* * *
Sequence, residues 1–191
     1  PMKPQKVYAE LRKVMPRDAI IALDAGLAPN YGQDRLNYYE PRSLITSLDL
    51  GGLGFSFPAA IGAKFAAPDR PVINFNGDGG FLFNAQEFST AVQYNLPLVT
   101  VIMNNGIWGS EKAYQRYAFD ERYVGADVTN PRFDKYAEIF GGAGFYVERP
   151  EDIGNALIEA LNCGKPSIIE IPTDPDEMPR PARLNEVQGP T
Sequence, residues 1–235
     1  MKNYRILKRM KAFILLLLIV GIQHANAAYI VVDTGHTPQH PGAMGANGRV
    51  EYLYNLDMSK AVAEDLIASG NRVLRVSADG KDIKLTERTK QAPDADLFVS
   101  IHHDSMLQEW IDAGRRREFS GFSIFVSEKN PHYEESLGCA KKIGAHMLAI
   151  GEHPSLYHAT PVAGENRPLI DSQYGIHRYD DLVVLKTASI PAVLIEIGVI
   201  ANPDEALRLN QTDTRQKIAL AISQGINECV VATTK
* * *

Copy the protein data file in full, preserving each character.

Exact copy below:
Sequence, residues 1–191
     1  PMKPQKVYAE LRKVMPRDAI IALDAGLAPN YGQDRLNYYE PRSLITSLDL
    51  GGLGFSFPAA IGAKFAAPDR PVINFNGDGG FLFNAQEFST AVQYNLPLVT
   101  VIMNNGIWGS EKAYQRYAFD ERYVGADVTN PRFDKYAEIF GGAGFYVERP
   151  EDIGNALIEA LNCGKPSIIE IPTDPDEMPR PARLNEVQGP T
Sequence, residues 1–235
     1  MKNYRILKRM KAFILLLLIV GIQHANAAYI VVDTGHTPQH PGAMGANGRV
    51  EYLYNLDMSK AVAEDLIASG NRVLRVSADG KDIKLTERTK QAPDADLFVS
   101  IHHDSMLQEW IDAGRRREFS GFSIFVSEKN PHYEESLGCA KKIGAHMLAI
   151  GEHPSLYHAT PVAGENRPLI DSQYGIHRYD DLVVLKTASI PAVLIEIGVI
   201  ANPDEALRLN QTDTRQKIAL AISQGINECV VATTK